I was headed back to Denver today, but on a whim I decided to stop by the Twistex Memorial in El Reno, Oklahoma. The last time I’d been there was on September 19th, 2013, about 4 months after a gigantic 2.6 mile wide EF3 tornado killed four storm chasers on the roads just south of El Reno. I did not personally know Tim or Paul Samaras, or Carl Young, but I knew of them and their work and they were highly respected in the chaser community.

Little known was the fourth chaser, Richard Henderson. Henderson was an amateur like myself. I think about that sometimes.

To my surprise I ran into four storm chasers already there, including Skip Talbot! I’ve watched his El Reno safety videos, storm structure video, and his narrated chase videos many times. I found them all extremely helpful in shaping my own ideas I would try for storm chasing; from intercepting storms to having avenues of escape planned. They’re the best videos I’ve seen for actually talking about what a chaser was thinking and planning as their day is unfolding. In some ways they’re part of the reason I’m writing these logs.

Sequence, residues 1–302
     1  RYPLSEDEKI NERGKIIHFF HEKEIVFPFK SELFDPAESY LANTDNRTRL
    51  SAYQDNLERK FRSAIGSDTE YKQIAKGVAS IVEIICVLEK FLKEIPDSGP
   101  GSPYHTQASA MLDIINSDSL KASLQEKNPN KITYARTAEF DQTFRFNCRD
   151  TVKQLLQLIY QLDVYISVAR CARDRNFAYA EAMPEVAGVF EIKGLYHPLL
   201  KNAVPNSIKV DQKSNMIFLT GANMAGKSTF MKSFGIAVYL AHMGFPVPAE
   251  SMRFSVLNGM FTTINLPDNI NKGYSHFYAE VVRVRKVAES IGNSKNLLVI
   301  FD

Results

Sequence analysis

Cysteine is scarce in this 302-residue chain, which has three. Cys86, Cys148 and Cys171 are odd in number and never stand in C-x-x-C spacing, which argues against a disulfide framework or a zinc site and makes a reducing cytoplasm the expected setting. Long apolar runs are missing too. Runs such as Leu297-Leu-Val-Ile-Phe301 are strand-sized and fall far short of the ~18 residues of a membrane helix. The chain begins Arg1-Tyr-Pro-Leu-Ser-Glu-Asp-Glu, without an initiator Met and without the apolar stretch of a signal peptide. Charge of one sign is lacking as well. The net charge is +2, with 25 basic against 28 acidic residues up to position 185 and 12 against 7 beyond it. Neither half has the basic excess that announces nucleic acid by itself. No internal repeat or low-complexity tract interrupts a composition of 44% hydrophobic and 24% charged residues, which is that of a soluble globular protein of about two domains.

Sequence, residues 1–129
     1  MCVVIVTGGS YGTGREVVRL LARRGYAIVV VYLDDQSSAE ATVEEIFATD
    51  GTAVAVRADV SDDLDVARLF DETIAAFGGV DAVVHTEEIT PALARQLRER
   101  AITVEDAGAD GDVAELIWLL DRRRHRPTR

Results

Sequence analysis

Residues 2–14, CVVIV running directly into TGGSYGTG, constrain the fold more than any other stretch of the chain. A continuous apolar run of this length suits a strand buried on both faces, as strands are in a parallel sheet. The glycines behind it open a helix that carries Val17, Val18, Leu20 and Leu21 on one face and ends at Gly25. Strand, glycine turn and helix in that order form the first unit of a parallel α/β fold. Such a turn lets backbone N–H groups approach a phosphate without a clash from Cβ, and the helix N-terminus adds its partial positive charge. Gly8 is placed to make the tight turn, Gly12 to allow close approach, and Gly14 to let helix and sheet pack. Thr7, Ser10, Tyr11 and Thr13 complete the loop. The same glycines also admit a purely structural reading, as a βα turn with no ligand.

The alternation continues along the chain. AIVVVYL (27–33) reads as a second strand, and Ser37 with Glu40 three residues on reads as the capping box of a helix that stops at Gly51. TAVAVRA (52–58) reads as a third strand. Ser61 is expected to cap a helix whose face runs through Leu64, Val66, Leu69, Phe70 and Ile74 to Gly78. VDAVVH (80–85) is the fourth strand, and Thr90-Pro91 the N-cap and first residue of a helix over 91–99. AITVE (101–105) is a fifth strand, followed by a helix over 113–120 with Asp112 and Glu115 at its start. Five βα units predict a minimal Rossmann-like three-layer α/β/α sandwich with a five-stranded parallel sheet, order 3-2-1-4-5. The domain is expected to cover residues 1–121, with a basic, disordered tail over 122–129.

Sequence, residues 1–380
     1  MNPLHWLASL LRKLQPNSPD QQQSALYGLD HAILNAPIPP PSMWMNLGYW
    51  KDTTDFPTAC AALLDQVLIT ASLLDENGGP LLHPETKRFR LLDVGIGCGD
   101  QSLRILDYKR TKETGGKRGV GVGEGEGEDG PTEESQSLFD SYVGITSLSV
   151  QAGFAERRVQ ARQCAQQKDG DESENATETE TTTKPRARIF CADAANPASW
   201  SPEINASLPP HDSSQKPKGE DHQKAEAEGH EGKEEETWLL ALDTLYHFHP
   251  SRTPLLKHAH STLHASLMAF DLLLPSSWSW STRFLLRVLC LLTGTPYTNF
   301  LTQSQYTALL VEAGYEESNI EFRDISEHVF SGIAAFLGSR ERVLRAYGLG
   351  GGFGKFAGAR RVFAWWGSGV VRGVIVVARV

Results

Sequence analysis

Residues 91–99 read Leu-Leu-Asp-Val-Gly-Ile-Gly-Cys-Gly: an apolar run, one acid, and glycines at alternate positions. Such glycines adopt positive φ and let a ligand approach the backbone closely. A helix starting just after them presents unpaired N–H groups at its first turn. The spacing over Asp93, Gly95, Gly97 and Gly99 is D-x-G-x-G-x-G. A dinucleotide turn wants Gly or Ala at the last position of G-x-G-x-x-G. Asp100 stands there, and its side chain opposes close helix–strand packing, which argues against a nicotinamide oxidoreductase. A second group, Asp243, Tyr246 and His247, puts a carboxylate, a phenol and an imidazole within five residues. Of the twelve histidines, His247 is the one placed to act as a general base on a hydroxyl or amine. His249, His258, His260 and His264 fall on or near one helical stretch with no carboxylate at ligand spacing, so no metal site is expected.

All of them were very friendly. Cory Pagel, Jean-Francois Massicotte, and Darren Lo were there as well, and it was really great to finally talk about storm chasing with people who felt the same way as I do about it. They were nice enough to invite me to lunch and we headed to a small diner in El Reno proper.

I have a nagging feeling that I babbled a bit too much. I hope not!

It’s odd. I went there to look at the memorial and expected a somber setting. I ended up happy all the way home.

El Reno – the intersection of Reuter and Radio Rd on 9-18-13.
This is approximately where the Twistex Memorial now stands.
Photo taken by Heather Carroll
Twistex Memorial on 4-27-16
To me, this place is both a nice tribute to them and maybe also a sobering reminder to chasers.
Never assume that you know exactly how a storm will behave.

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